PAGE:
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Tamyka Z. Miles

Tamyka Z. Miles

"Dr. Bajjaly impacted my journey the most. If not for Dr. Bajjaly I would not be a graduate of the program today."

Q: What's your name? What degree did you receive? When did you graduate?
A: My name is Tamyka Z. Miles and I received my Master's of Library and Information Science with a specialization in Academic Libraries from Wayne State University's School of Library and Information Science in 2009.

Q: What other degrees do you have and where are they from?
A: I have a Bachelor of Arts degree from the University of Michigan in Behavioral Science and an Associate of Arts degree from Wayne County Community College.

Q: Why did you choose Wayne State's School of Library and Information Science?
A: I chose Wayne State's School of Library and Information Science because it is one of only two library programs accredited by the American Library Association in Michigan, the location of the school was close to my home and employment, and the program appeared to have more of a focus on traditional librarianship than the program at University of Michigan.

Q: What was your area of specialization? Why?
A: My area of specialization is Academic Librarianship. I believe strongly in higher education and as everyone should know, the library is the heart of any academic institution. Who wouldn't want to be a part of that?

Q: What class format did you use for most of your classes? Why?
A: I used online and class formats, so I guess it would be classified as a hybrid. I was employed full-time and a full- time parent and as a result, I had to schedule classes around my lifestyle.

Q: Are you active in any student/professional organizations?
A: I am not currently active in any organizations.

Q: How did your involvement in student/professional organizations impact your SLIS and professional experience?
A: Although I was not involved in any student organizations, I was a member of two committees: the faculty search committee and the re-accreditation committee. That experience provided me the opportunity to work with faculty and have my voice heard as a student. I feel that my contributions to the committees were impactful and made a difference and allowed me to develop relationships with the faculty.

Q: Are you currently doing any library related work? If so, how did the School prepare you for it?
A: I do not work as a librarian in the traditional sense, but I use my skills as a librarian everyday in my current job when searching for resources for the families that I serve and also in my personal life. I believe that people see me as their own personal librarian. The program helped me refine my research skills and gave me insight to the various types of librarianship.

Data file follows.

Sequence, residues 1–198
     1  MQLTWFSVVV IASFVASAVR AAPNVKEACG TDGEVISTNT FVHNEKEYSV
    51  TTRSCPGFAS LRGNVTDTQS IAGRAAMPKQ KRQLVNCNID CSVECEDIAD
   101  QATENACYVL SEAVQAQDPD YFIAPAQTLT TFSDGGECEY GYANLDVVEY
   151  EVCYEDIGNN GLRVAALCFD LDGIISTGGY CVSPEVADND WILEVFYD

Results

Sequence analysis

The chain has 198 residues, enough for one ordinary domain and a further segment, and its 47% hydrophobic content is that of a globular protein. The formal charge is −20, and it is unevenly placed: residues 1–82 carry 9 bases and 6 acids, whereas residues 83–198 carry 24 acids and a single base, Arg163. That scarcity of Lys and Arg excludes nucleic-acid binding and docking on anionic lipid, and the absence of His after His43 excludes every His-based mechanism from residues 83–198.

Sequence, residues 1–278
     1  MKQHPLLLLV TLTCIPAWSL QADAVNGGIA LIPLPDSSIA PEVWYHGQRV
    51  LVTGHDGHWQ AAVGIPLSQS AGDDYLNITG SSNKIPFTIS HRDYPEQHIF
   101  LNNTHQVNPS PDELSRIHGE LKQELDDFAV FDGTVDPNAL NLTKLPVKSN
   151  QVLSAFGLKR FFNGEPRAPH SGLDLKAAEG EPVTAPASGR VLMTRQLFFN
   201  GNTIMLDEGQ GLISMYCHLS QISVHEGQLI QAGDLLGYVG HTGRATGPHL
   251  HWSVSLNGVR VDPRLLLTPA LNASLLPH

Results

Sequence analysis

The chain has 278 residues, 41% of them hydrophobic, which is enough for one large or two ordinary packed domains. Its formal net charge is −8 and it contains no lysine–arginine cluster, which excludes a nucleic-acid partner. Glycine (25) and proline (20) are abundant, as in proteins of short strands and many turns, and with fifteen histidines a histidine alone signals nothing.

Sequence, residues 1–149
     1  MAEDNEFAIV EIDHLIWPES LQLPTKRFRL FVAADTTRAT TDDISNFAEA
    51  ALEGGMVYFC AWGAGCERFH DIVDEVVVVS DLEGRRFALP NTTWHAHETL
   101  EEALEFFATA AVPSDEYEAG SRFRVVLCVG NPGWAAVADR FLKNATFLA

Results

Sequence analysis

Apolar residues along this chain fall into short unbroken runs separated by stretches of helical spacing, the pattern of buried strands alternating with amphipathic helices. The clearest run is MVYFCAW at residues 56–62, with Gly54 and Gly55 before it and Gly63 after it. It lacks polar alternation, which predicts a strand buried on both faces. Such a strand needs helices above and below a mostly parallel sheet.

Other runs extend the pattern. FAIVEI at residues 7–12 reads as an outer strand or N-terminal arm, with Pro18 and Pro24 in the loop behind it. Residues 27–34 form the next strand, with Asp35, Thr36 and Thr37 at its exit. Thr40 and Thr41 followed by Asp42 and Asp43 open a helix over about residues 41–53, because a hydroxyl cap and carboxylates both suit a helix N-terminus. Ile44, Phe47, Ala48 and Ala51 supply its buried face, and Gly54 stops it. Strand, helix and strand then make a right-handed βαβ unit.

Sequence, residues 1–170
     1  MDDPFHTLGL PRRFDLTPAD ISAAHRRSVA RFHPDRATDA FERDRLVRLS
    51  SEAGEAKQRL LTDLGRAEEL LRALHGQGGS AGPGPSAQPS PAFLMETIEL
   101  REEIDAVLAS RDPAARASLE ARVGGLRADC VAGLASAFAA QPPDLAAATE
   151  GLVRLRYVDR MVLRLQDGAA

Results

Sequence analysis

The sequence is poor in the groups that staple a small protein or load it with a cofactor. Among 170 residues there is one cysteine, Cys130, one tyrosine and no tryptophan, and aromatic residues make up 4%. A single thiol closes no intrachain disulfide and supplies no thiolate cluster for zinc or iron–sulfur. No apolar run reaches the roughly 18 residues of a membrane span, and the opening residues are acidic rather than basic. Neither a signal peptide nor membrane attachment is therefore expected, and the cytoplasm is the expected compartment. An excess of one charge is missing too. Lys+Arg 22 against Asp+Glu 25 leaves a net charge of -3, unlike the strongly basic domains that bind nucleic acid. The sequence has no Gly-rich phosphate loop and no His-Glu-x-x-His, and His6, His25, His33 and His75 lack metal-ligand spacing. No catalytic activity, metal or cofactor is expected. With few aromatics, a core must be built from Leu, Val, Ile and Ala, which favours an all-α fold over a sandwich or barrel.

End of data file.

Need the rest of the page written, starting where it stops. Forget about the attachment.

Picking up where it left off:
Q: What were you most proud of in library school? What are most proud of now that you are in the profession?
A: I was very proud that I completed the program. It has been a lifelong dream of mine to be a librarian. Many people that I have encountered in the program stumbled upon the profession or this is their second career. From the first time I entered a library I knew I wanted to be a librarian. Living out a dream is the most fulfilling experience that I have had. Even though I am not a "practicing librarian" I always introduce myself as a librarian.

Q: Was there a professor who really impacted your journey into librarianship?
A: Dr. Bajjaly impacted my journey the most. When I entered the program he had just begun his position as the Director of the School of Library and Information Science. At the time I entered into the program provisionally and was told that I would have to pay for my first three classes without the assistance of financial aid and that I would not receive credit for the classes. I spoke with Dr. Bajjaly and he decided to take a chance and admit me without the provisions. I promised him on that day I would meet any criteria put forth and I kept my word. If not for Dr. Bajjaly I would not be a graduate of the program today.

Q: Since graduating from this program, what do you feel is the most important or surprising thing you've learned about the library and information science profession?
A: The most surprising thing about library and information science is how vast the field is. Whenever I tell people I am a librarian they automatically think of the public library. I take that opportunity to tell them about the different types of librarians there are and they are always surprised.

Q: Do you feel you were well prepared for a career in the library and information profession?
A: Yes, I do feel that I was prepared for a career in the profession but mostly due to the fact I participated in an internship that gave me relevant hands on knowledge of the profession.

Q: What professional accomplishments have you achieved since graduating from the program?
A: I am not a "practicing librarian." I work as a Child Advocate Supervisor - the same job I had while I pursued my MLIS degree. I advocate the best interest of children that have been abused and neglected. Because I believe very strongly in the function of my current position, I have yet had the heart to leave and become a practicing librarian. However, I did apply for the University of Tennessee Minority Library Fellowship program and received an offer to participate in the two year program; however, after long consideration I declined the offer and remained in Michigan as an advocate for children.

Q: What advice would you give to someone considering SLIS as their library school?
A: I would advise a person considering SLIS as their library school to be committed and passionate about the profession. Keep an open mind and participate as much as possible in the student organizations and committee opportunities--take advantage of what this program has to offer.